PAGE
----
Archives for January 2012

ZM – The Zusammenfassende Meldung

One of the lesser known parts of the German tax system is simply called the “ZM”, which stands for “Zusammenfassende Meldung”.  For anyone running a business in Germany, it is another form to fill in on a regular basis.

It all has to do with the VAT (Value Added Tax) system within the European Union.  Put quite simply, if you buy something in a shop or pay for a service, then you pay VAT.  For consumers, that’s the end of the story.  The shop owner or service provider pays the VAT on to the tax office.

But if the customer is a business as well, they usually have a way to claim that tax back again from their local tax office (although there are some exceptions). [Read more…]

How marks are decided in German primary schools

The German school system has, on the face of it, a fairly simple marking arrangement.  The marks for a piece of work are given on a scale of 1 to 6, with 1 being the highest and 6 the lowest.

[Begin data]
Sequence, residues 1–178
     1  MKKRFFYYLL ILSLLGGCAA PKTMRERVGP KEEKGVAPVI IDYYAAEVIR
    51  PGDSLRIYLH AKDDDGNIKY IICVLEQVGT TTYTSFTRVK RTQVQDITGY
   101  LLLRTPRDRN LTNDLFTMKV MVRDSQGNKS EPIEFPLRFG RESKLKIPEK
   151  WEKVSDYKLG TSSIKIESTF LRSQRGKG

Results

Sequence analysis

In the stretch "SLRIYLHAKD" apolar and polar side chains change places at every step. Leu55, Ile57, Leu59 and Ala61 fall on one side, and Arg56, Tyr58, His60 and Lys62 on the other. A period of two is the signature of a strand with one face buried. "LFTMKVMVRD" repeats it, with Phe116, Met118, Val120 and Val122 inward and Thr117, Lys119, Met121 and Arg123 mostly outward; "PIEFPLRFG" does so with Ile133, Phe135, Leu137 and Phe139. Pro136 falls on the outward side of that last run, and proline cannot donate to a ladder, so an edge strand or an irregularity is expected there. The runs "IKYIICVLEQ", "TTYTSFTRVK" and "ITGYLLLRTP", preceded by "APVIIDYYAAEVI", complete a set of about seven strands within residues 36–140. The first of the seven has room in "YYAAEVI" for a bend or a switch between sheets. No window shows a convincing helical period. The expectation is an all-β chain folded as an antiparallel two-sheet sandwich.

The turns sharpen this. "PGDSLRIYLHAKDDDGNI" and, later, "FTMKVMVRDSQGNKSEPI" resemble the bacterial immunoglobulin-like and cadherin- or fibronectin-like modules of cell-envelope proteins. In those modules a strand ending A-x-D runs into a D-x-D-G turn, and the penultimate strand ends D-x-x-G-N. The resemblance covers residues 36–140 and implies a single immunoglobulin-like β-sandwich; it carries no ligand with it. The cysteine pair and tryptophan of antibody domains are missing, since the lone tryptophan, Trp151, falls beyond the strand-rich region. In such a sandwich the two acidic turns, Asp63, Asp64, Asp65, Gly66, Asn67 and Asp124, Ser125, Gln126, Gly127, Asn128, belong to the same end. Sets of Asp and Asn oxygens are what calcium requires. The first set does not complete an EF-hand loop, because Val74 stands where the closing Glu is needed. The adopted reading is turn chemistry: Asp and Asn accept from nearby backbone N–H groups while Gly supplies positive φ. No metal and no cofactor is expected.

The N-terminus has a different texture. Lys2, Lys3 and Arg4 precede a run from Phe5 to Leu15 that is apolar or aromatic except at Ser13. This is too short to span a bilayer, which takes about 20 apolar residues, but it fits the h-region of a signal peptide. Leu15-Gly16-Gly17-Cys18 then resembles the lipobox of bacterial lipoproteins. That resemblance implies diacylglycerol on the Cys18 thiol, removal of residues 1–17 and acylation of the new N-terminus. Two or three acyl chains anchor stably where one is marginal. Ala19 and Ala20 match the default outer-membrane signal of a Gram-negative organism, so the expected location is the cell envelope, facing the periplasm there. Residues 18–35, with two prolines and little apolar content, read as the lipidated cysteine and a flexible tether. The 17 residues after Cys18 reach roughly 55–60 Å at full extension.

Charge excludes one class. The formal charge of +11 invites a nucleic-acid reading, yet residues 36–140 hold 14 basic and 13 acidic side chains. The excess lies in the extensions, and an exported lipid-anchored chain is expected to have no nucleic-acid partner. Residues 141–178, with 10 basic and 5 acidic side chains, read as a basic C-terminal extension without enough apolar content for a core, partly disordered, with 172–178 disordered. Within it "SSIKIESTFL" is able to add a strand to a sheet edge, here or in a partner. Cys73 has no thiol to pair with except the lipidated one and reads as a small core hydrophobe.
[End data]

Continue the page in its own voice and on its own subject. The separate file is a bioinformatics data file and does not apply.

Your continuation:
The numbers 1 to 6 roughly correspond to A to F in the British system as well, although 5 is usually the lowest that will be given for anyone actually completing the work or a test, with 6 reserved for those who don’t do it at all.  There are also the + and – grades in-between.

But how do the marks get decided for each child in the first place?

One possible answer to that question, and probably the most plausible in many subjects, is be the teacher making the decision.  This does, of course, require a competent and fair teacher, but [Read more…]

Why you need a VB-Nummer to register a car

FahrzeugscheinI’ve talked before about how the process of buying and registering a car in Germany.

Since I recorded that podcast there has been a change in the way that the insurance works, as I found out when I changed my car last year.

One of the best things about the German registration system is that you must arrange insurance for the car before you go to the Zulassungsstelle to register it.  If you do not, then you will either not receive any number plates to put on the car, or at the very least they will not have valid stickers on them, making uninsured cars very easy to spot on German roads. [Read more…]

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